Skip navigation

Calls to Action

My Personal Fight for Ava’s Law

This guest post is from Paul Silver, a 25-year-old self-advocate with Asperger Syndrome. Paul discusses Ava's Law, an autism insurance reform bill now before the Georgia Legislature. You can take action to help pass Ava's Law here

In early of 2013, I saw a news report from WXIA about Ava Bullard and her mother’s fight on Insurances for Autism. I thought to myself what an outrage that this family and other Georgia families can’t have their insurance pay for treatment. I email my lawmaker in the state house, Representative Mike Dudgeon, to support Ava’s Law (The Autism Insurance Reform Bill). He emails me back and the email said:


“My middle son was on the very mild end of Aspergers, so I appreciate your situation. 

Unfortunately this bill did not advance because of a general provision we have around insurance mandates.  Each mandate sounds good on its own but if you do all of them you drive up the cost of insurance quite a bit.  However, I think this one is pretty good and hopefully we will get it done next year.”

Thanks for writing


I read that email several times and thought does he support his son or does he support the majority of the people who do not support the bill? After the bill went to a committee that was newly made to look at Ava’s Law, I was furious with the state government that governs the state that I was born and raised in. Then I decide to something about it. In November 2013, I finally met with Ava’s Mom, Anna, and I said to her, “I am ready to help you with this fight because I have Autism, too.”

Finally, On February 4th, 2014, I went to the Georgia State Capitol armed with a Power Point about Ava’s Law on my tablet and two friends who have Aspergers themselves. I also brought with my most treasurable item which was a baby picture of me with my grandfather. The picture was giving to me by my grandfather’s second wife, Alice, during my Bar Mitzvah. My grandfather was a doctor and started a medical facility inside the State Capitol. My grandfather was also a lobbyist for the Medical Association. But sadly, my grandfather passed away in April 2002.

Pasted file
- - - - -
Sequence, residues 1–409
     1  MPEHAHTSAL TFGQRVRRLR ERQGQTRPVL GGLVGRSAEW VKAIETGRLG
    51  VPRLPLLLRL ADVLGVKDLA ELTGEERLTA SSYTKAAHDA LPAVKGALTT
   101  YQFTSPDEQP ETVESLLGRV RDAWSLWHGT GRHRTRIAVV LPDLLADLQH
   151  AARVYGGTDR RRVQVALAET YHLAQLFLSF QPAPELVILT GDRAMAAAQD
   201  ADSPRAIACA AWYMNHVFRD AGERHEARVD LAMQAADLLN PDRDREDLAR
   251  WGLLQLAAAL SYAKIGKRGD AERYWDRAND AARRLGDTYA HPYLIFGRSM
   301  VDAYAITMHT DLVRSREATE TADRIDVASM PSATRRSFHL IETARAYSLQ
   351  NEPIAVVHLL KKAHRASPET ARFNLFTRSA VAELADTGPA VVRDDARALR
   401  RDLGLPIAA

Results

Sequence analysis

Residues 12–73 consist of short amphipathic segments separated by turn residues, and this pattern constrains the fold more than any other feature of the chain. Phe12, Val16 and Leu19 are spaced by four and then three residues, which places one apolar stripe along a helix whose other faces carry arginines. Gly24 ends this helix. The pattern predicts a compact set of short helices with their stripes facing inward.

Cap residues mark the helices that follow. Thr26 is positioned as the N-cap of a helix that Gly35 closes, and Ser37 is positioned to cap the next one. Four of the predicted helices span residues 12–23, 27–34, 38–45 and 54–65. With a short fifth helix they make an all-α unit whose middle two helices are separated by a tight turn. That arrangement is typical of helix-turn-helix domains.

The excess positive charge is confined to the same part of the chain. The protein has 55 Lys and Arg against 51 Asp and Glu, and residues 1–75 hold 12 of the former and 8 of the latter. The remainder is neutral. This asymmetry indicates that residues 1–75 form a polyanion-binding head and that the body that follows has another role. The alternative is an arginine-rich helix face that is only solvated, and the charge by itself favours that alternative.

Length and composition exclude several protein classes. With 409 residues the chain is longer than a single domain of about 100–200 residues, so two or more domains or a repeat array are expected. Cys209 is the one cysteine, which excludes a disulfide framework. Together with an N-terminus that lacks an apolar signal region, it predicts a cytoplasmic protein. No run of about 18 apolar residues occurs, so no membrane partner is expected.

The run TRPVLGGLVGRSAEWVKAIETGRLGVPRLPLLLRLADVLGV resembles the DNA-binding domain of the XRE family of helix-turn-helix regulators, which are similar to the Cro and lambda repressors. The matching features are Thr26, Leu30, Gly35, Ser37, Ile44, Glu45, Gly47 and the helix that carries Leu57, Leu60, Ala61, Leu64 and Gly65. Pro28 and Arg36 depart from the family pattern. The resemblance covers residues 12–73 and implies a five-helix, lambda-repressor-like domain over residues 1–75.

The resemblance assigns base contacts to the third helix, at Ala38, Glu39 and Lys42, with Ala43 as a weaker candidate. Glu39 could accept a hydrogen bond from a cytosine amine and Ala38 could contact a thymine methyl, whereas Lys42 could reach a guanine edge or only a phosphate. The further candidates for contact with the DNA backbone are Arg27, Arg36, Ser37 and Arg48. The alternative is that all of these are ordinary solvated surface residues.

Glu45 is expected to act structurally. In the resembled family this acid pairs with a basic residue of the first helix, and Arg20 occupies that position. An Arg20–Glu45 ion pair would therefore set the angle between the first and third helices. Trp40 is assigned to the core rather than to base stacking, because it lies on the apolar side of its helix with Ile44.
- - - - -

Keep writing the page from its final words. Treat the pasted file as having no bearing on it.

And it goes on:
Anyway, my friends and I get to the State Capitol. We found the room where Autism Speaks was having their rally and then I was asked if I would like to be interview about Ava’s Law. I say yes. The reporter from WGCL asked what I think what of my autism?  I say Autism is a blessing and a curse.  Then he asked me why that is? I had to think of that and then say “A blessing, you know that you are different and a curse because it is very hard to get along with you peers.” The blessing part of my statement to the reporter was very difficult for me because I did not have a very good answer in my head.

However, the curse part of my statement to the reporter was somewhat easy because I was often bullied by my peers in my years of public education. The bullying was so bad during my first two years of high school; my parents move me and my brothers to a different high school for the last two years of high school.  My interview was show on the five o’clock news. After my interview I walked to the doors to house chambers and found Mike Dudgeon and show him my power point.

While I was talking to Mike, I saw Anna Bullard and her daughter Ava walking out of the Speaker David Ralston’s office. I show Anna and Ava my power point. They were so glad that I came to capitol and very impressed with my power point. But on the State Senate side I could not get in touch with my state senator.  After two attempts he still would not come out. I know this going to be hard but I will not be satisfied until Ava’s Law is sign by Governor Nathan Deal.  

The Autism Speaks blog features opinions from people throughout the autism community. Each blog represents the point of view of the author and does not necessarily reflect Autism Speaks' beliefs or point of view.